Paint the lockdown blues away: How to get a professional finish

From preparing the room to picking the right colour for inside and outside your home

Paint an A4 page to test colours in different parts of the room, where the light may vary

Paint an A4 page to test colours in different parts of the room, where the light may vary

 

Homes are seeing a lot more wear and tear at the moment and, if yours is anything like mine, there will be more than a couple of walls that need a refresh.

Paint is such an easy and inexpensive way to completely transform any room, and it’s also something you can have a go at yourself. Cora Collins is a colour consultant with Weathershield and has some good advice on why some colours work and others don’t and how to successfully tackle a paint project at home.

Picking the right colour

Choosing colours is where many people struggle and it’s something I am asked about all the time. Start by figuring out the kind of atmosphere you want to create. If you’re painting a kitchen, for example, you might want to create a fresh and inviting atmosphere. So brighter colours will be ideal. If on the other hand you’re painting a bedroom, you will want a calm and restful atmosphere. So softer, more muted colours that create a tranquil feeling are an excellent choice.

The next consideration is the orientation of the room. With north-facing rooms it’s best to make them feel cosy, and warm earthy shades work best. In sunnier rooms you have more options and can play with both dark and light tones.

Once you’ve narrowed down your choice it’s important to test out a colour in the room you intend to paint. “Testing a colour on an A4 piece of card is ideal,” says Collins. Some paint manufacturers sell A4 sample cards meaning you don’t need to paint one yourself. 

“A tip I always give is to fold the card in half as though you are looking at the paint in the corner. This shows the colour at its most intense as it reflects onto itself,” says Collins. Doing this will give a strong indication of how the colour is going to perform under different light conditions, but always ensure you carry out the test in the room you intend to paint.

Finish like a pro

When it comes to achieving a proper finish, preparation is critical. “If you want a professional finish and you are doing the work yourself, don’t be in a hurry to put the colour on the wall,” says Collins. “Choose good-quality products,” she says. Cheaper-quality paint often means you need more coats, which means more paint, more work and not much of a saving. The choice of finish is important too. Collins recommends eggshell for woodwork and matt for walls.

“If you spend the first half of the day preparing you will make the job look better and make life easier for yourself in the long run,” says Collins.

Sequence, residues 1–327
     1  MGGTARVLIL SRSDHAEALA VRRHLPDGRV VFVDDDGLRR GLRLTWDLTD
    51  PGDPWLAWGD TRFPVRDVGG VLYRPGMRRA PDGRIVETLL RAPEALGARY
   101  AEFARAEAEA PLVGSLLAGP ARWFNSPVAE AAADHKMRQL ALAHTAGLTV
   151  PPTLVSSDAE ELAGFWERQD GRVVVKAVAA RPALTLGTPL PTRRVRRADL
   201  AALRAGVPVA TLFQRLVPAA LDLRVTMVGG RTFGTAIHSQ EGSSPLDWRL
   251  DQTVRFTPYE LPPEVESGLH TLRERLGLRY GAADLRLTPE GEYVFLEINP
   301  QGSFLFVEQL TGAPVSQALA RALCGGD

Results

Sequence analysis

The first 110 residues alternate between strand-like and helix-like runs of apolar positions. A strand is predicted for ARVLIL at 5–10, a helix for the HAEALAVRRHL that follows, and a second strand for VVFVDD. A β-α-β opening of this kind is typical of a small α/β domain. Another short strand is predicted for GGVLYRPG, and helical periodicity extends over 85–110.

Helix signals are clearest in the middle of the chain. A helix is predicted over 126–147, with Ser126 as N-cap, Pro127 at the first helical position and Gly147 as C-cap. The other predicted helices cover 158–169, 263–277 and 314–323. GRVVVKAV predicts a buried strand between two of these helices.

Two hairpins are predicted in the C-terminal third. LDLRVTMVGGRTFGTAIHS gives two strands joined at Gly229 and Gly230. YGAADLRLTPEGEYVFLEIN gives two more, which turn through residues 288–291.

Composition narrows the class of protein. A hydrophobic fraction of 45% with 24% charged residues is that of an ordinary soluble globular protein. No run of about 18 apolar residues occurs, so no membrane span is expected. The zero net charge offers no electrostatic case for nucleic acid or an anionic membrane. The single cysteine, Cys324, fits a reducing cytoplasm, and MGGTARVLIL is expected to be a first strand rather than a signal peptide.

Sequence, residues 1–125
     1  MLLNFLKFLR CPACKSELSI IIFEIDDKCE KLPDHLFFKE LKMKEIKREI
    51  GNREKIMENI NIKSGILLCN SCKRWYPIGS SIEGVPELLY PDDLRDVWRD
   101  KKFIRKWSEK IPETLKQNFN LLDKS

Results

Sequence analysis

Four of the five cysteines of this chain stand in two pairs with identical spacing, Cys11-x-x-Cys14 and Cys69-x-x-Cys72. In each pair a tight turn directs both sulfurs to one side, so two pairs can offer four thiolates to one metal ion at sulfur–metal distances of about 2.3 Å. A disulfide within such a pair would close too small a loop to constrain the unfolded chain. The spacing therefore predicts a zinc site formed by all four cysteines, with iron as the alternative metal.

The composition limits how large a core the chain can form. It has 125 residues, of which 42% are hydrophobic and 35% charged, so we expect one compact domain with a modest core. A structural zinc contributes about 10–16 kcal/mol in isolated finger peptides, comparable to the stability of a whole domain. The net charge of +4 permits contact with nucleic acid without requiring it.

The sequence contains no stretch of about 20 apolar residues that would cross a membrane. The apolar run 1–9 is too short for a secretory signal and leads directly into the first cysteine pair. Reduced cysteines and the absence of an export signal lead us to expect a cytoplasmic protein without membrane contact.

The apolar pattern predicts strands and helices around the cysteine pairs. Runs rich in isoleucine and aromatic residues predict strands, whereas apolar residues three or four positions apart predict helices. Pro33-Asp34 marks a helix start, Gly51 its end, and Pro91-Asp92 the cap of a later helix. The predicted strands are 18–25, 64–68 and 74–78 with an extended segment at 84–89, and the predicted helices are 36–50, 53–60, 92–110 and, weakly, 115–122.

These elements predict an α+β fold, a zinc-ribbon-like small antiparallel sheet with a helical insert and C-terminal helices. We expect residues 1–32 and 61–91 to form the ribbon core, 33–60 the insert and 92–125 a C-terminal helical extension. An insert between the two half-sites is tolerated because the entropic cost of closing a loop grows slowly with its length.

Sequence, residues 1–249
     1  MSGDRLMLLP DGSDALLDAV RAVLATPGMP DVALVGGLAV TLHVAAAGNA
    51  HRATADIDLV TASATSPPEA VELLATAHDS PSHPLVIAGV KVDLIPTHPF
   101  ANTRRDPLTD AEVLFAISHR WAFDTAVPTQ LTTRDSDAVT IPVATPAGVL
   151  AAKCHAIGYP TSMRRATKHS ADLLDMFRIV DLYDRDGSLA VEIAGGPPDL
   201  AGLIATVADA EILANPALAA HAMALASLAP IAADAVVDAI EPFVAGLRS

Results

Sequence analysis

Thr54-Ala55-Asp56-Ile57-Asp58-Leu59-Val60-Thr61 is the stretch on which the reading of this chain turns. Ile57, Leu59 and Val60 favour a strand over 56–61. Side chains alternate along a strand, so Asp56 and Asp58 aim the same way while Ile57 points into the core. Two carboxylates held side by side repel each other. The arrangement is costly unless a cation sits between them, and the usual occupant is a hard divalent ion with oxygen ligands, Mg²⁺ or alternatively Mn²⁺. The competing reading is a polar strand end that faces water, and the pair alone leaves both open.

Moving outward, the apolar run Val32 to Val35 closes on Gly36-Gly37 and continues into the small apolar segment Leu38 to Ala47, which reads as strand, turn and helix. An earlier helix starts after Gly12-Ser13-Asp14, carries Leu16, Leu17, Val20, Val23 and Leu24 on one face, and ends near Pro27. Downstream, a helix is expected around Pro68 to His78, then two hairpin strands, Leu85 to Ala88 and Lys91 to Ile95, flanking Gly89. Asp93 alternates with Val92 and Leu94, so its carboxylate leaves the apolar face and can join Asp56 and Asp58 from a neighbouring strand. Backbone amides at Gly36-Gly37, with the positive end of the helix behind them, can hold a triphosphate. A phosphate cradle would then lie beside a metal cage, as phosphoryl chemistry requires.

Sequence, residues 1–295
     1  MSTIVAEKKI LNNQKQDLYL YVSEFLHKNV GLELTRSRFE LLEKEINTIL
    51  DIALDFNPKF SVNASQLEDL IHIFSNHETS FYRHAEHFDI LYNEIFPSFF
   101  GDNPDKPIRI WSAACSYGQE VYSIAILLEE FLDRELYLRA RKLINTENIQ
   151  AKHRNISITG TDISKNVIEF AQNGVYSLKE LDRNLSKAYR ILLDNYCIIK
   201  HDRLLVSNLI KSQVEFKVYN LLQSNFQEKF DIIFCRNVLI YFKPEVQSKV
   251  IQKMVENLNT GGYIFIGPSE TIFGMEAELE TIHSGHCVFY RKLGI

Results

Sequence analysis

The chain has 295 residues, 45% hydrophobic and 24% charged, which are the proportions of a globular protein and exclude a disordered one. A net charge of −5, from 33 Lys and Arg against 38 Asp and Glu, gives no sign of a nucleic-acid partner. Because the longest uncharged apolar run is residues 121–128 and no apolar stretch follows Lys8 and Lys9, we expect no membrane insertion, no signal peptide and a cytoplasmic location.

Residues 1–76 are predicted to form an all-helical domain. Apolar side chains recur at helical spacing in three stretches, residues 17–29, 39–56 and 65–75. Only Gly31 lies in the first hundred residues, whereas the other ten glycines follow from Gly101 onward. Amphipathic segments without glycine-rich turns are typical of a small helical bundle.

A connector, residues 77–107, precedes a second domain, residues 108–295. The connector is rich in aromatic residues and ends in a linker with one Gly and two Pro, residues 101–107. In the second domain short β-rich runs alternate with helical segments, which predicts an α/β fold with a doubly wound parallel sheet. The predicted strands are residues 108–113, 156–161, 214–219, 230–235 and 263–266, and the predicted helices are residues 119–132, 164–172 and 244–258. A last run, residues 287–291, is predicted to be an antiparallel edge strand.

“Start by putting a drop cloth on the floor. Mask the skirtings and architraves and clean down walls with sugar soap,” she advises. Cleaning the walls is one step you might be tempted to skip but “it is especially important if you have a fire or a stove in the room,” she adds.

“For woodwork, I always suggest water-based as it is so much easier for the amateur painter. You can clean your brush with water and you can do two coats in a day. Leave it till last and always lightly sand before and between coats.” 

Exterior painting

Because of the soft light we get in Ireland choosing exterior colours can be particularly challenging. Strong or vibrant colours that look fantastic in sunnier countries are too strong here and tend to look garish. Whereas paler shades can look clinical and cold. 

“People probably need more help when choosing exterior colours than in any other area of colour selection,” says Collins. “It is a big commitment. On average people paint their exterior every five or six years. Because of the quantity of paint needed and cost of labour, it is an expensive mistake if you get it wrong,” she warns.

“I recommend colours that tend towards grey or have grey in them. For exterior paint, if you were looking for a duck-egg colour, for example, I would suggest a predominantly grey shade but that has enough blue and green in it to be recognised as a duck egg.”

To help you select your perfect exterior shade Collins advises looking at the colour card in natural exterior light. This is an important tip as the colour will never be in artificial light.

Secondly, you should “test the exterior colour on the house and view it at different times of the day”. A colour can look completely different at midday from what it does in the evening, and it’s important to also test any trim or plinth colours.

“Even if you think you don’t need to test the trim colour you will only be using a tiny bit. That one element not marrying in with the other main colour could take from the whole scheme,” Collins warns.

Test all colours before committing and leave nothing to chance. 

Denise O’Connor is an architect and design consultant @optimisedesign

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